Saint Mary Magdalene de’ Pazzi

There are said to be approximately 11,000 Catholic saints whom the Catholic Church officially recognizes. However, a great many of these saints are anonymous, such as the 800 residents of Otranto, Italy, who were canonized on May 12, 2013 because they were killed in 1480 for refusing to convert to Islam after Ottoman Turks had sacked their town. Many other saints’ identities have been lost to time.

Aside and apart from martyrs and those killed or persecuted for their faith, many saints were canonized because of their virtuous acts and saintly lives. Further, some Catholic saints and Doctors of the Church are conferred sainthood because of their vast understanding of spirituality. And beyond this, some of the greatest saints are also our greatest mystics, having experienced firsthand the presence of God in their lives.

The latter category includes some of the spiritual giants: St. Teresa of Ávila, St. John of the Cross, St. Francis of Assisi. There is one lesser known saint who qualifies as an accomplished mystic, the Italian Carmelite nun Saint Mary Magdalene de’ Pazzi (1566 – 1607). Today (May 25) is her Feast day. She is the Patron Saint against sickness, among her various patronages.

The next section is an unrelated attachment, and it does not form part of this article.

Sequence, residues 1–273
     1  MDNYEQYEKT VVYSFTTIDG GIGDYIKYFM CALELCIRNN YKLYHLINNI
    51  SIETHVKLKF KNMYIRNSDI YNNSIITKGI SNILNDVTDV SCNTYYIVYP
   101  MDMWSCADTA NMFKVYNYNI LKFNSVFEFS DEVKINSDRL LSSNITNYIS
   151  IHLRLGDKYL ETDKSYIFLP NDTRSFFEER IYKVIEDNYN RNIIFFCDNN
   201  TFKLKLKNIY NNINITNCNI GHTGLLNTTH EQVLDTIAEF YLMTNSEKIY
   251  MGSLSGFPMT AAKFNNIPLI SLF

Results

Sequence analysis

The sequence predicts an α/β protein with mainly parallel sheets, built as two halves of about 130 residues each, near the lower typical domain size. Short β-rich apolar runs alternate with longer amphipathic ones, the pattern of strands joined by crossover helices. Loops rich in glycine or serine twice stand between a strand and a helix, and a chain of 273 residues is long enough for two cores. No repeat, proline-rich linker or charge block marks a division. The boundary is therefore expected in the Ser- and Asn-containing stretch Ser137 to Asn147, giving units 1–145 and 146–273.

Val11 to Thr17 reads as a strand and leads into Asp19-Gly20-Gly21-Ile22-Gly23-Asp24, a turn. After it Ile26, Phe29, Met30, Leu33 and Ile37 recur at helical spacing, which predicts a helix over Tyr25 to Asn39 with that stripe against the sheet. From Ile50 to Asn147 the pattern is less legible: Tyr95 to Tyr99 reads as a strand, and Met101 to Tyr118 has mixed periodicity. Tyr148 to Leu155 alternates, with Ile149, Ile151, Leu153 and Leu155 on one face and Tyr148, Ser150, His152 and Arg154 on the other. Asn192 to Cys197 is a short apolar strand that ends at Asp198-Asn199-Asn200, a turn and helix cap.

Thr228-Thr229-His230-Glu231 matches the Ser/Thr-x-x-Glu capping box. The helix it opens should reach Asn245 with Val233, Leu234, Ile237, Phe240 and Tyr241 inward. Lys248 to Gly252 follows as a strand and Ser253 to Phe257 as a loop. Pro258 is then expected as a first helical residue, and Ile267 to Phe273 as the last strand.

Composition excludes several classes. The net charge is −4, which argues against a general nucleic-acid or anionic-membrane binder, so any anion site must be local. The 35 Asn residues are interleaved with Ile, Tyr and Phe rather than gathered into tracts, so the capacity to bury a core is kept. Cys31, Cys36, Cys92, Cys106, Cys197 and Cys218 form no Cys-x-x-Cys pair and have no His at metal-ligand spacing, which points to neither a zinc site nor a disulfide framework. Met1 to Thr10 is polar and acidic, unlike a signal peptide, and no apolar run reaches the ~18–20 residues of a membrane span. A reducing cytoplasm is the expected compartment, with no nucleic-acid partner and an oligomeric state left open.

Because of her harsh austerities, severe penances, and seemingly inhuman mortifications, Saint Mary Magdalene is not everyone’s cup of tea. She remains popular in Italy, though not very well known elsewhere.

Saint Mary Magdalene experienced her first ecstasy at age 12 while gazing at the sunset. She continued to experience ecstasies and visions throughout her life. However, she repudiated her own ecstasies as signs of her unworthiness before God, and she tried to hide her mystical experiences from others. She also underwent bleak dry spells and much physical suffering. Still, her faith and devotion were second to none, and her communications with Jesus were loving, almost playful at times, indicative of the intimate inner relationship she had established with Christ.

The Saint became a nun at age 15 and eventually was appointed Mistress of Novices. Many attested to her ability to bilocate, cure others, and read minds. During her canonization in 1668, her body was found to be incorrupt.

And so this is how we can best remember Saint Mary Magdalene de’ Pazzi on her Feast day: as an ecstatic saint who experienced oneness with Jesus and mystical union with God. May we be similarly inspired in our spiritual pursuits to have such faith and devotion.

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